Site icon Tim Foolery

Favorite Places and the Resulting Lost Opportunity


One of the key benefits of travel is the ability to frequently try new things. One of the key detractors of travel can be the lack of consistency, lack of the known, the comfortable. When traveling, you can be met by newness every time you turn a corner. That newness, that unexpectedness is both the most exciting part and the most nerveracking part of travel.

When you find a place that you love, be that a restaurant with great food, a bar with excellent service, a bookshop with friendly and knowledgeable staff or a boutique that has the perfect gift, do you find yourself returning to that place time and time again when you visit that city? I do. When in LA, I visit The Lobster (Santa Monica) in Toronto, I dine at Barberian’s. When in Portland, we eat and drink at Departure. In New Orleans I always get an Absinthe from a dive bar abutting the cathedral. These are my go to places. They have special meaning to me and I love sharing these experiences with my travel companions.

The problem with these familiar places not only shines during travel, but while home. Every time you visit one of your regular haunts, you miss the opportunity to experience something new and magical. You feel comfortable, but you don’t push yourself to try something new.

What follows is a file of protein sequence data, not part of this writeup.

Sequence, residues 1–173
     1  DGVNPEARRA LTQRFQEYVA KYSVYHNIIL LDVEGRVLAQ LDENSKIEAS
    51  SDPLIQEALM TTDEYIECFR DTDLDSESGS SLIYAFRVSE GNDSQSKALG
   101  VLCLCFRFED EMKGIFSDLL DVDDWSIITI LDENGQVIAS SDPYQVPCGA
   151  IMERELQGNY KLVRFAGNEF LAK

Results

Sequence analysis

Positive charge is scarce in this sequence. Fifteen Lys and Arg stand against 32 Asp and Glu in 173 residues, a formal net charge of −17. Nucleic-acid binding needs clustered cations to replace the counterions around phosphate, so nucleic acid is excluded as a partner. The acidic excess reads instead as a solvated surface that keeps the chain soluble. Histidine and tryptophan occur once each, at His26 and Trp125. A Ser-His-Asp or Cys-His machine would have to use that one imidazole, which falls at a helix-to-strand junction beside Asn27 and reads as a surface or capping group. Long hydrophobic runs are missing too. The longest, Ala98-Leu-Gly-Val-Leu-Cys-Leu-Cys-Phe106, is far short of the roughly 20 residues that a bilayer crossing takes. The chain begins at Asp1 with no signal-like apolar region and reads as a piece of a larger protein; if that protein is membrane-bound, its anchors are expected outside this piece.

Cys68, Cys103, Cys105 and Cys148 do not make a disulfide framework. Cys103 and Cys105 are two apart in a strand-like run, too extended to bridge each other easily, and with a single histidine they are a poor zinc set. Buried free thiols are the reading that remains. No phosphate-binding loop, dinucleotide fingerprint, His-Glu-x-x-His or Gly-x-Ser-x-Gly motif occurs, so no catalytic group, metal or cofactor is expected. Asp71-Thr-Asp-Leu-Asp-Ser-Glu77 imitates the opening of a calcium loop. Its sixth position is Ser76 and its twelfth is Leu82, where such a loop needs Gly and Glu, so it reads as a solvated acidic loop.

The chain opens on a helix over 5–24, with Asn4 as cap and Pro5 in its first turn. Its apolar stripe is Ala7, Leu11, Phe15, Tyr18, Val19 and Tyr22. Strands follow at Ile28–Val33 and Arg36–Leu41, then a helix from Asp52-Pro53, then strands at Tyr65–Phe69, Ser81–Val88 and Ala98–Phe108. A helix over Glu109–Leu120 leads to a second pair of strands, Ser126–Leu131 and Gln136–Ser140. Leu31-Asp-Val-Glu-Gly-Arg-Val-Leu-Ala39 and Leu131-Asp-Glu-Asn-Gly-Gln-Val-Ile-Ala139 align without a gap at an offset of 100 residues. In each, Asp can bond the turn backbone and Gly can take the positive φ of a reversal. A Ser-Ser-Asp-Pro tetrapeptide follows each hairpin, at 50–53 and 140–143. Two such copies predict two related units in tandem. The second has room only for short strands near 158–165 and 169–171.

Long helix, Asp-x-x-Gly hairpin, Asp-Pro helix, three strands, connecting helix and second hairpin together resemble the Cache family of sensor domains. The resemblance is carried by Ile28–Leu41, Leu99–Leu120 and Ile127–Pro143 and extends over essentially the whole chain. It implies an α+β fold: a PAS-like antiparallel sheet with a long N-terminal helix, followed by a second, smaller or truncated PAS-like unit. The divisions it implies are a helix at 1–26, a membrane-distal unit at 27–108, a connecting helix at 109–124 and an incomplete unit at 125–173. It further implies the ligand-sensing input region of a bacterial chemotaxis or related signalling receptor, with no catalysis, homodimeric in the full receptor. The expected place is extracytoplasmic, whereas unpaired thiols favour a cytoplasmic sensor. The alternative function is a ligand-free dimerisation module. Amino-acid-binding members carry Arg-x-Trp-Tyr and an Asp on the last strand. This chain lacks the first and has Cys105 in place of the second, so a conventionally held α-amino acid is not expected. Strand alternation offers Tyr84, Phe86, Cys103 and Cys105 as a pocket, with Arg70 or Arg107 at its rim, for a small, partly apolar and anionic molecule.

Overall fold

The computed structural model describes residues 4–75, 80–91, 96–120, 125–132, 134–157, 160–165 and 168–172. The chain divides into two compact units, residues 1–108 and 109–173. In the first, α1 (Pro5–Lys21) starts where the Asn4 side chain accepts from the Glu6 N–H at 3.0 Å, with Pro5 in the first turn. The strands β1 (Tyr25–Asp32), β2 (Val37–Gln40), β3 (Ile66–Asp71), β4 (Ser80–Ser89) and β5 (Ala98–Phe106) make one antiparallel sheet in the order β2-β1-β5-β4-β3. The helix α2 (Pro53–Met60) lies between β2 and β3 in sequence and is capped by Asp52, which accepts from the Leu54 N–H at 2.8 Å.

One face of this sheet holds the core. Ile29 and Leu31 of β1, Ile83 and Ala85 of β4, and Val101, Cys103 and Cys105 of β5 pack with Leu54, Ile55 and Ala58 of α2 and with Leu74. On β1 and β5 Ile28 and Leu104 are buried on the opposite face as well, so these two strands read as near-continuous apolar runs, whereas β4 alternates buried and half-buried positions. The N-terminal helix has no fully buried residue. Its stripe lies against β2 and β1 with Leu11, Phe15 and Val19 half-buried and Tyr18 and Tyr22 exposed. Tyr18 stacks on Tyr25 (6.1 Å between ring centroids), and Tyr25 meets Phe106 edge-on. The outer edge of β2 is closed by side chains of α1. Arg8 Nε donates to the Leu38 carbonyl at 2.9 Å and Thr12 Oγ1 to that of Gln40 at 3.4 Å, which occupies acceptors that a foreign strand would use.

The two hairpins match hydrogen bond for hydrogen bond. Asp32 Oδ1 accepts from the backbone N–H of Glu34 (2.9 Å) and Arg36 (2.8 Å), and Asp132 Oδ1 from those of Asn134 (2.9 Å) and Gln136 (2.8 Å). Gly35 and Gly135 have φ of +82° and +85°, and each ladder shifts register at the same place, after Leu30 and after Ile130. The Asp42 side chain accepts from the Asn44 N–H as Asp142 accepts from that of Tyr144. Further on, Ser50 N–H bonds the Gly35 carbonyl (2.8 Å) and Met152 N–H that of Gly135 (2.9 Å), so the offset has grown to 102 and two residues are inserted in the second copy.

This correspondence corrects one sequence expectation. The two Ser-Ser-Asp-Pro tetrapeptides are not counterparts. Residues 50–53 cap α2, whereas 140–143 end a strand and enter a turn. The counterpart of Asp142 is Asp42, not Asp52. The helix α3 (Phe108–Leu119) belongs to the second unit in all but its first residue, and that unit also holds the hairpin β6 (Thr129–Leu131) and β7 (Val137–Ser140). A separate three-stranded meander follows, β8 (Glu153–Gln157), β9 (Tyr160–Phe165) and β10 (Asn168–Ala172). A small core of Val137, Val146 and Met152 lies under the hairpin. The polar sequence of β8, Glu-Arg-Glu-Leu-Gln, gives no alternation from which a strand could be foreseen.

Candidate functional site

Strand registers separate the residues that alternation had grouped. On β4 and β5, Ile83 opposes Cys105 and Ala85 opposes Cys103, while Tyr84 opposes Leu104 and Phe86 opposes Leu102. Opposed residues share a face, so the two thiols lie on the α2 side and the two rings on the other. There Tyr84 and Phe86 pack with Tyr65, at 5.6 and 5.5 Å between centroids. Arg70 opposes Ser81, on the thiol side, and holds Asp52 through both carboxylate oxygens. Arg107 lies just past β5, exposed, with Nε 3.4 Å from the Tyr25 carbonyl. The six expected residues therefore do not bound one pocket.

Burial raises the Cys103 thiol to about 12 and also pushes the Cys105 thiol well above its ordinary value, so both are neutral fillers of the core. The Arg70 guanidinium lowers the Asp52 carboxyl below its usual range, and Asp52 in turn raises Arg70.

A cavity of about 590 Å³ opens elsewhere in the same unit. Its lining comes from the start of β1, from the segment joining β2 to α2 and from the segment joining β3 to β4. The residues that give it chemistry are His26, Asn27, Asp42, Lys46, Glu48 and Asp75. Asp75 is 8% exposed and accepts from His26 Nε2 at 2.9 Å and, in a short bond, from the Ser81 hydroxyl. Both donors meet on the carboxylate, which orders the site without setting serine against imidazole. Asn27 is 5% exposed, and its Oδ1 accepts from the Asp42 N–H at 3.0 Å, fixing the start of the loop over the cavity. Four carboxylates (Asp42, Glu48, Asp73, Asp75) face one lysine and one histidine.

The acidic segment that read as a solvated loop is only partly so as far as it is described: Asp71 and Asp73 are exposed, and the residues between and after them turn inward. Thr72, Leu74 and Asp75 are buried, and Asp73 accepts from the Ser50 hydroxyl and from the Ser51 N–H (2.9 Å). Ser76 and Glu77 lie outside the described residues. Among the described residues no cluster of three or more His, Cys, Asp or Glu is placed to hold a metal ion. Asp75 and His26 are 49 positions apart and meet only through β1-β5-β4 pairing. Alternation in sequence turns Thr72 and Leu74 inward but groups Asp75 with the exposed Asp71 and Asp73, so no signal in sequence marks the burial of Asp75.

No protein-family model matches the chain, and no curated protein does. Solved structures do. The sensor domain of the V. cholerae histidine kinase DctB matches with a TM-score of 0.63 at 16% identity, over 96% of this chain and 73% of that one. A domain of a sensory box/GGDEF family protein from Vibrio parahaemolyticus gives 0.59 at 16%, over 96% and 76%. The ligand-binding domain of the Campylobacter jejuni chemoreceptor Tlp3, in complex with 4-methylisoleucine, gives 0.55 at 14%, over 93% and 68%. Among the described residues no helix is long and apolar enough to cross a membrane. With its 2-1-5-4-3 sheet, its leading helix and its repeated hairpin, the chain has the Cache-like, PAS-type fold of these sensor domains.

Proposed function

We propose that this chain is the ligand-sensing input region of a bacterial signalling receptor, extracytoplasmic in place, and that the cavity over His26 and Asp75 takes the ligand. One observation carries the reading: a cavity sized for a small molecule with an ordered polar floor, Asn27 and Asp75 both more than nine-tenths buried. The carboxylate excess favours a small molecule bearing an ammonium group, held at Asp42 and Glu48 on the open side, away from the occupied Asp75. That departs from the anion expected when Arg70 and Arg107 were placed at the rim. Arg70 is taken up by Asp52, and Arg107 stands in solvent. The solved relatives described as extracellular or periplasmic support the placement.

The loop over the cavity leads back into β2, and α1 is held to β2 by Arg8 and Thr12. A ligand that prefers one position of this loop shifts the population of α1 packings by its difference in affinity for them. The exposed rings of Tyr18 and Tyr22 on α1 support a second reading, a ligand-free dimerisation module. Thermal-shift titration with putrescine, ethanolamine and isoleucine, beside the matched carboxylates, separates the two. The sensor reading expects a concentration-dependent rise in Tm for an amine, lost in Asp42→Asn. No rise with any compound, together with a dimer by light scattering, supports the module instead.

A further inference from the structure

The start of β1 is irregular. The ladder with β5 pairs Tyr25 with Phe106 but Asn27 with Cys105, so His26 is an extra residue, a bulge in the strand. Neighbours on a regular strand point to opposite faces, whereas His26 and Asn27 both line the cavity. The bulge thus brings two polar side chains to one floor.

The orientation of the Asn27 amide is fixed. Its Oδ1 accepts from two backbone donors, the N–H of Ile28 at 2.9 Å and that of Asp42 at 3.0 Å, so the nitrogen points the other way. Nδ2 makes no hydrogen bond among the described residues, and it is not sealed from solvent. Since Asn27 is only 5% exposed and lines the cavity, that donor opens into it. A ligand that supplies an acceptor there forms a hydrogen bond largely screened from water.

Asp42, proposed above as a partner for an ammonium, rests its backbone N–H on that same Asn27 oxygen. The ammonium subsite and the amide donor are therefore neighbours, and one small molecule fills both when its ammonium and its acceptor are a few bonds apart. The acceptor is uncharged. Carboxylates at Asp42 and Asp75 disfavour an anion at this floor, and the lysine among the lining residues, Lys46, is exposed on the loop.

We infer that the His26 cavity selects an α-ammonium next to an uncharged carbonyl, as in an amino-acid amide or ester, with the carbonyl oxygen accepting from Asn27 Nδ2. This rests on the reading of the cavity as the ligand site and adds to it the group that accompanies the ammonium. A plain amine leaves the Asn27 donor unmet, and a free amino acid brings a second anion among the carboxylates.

We spent Memorial Day weekend in Paris (if you follow me on Twitter, Instagram, Facebook or Google+ you already know that). We returned to Le Marais (4e Arrondissment), the same neighborhood we stayed in during our first visit in 2011. We stayed in a different hotel this time. We ate at different restaurants this time. Three of the four nights we were there, we stopped by a small cafe on Place Saint-Catherine and ordered a bottle of rosé. Each day we were in Paris it was over 30C each day, so a late night rosé was quite refreshing. We had the same server each night. Our final night we stroll up, take a seat on the Place and our server came up, took my hand and pulled me from a welcome handshake into a big bear hug. He asked, in French, if we would like a bottle of rosé tonight. He was welcoming. He was happy to see us. Yes, he was making money off of us, but he appreciated our loyalty.  We appreciated the sense of home despite the fact we were more than 6,600 kilometers from our actual home.  We will return to this cafe on our next trip to Paris.

Place de Vosge – Le Marais.

What are you missing? Does what you get from visiting the same place out weigh the possible opportunity for something better elsewhere? When you travel, what do you push for? Newness with each experience, or a level of comfort?

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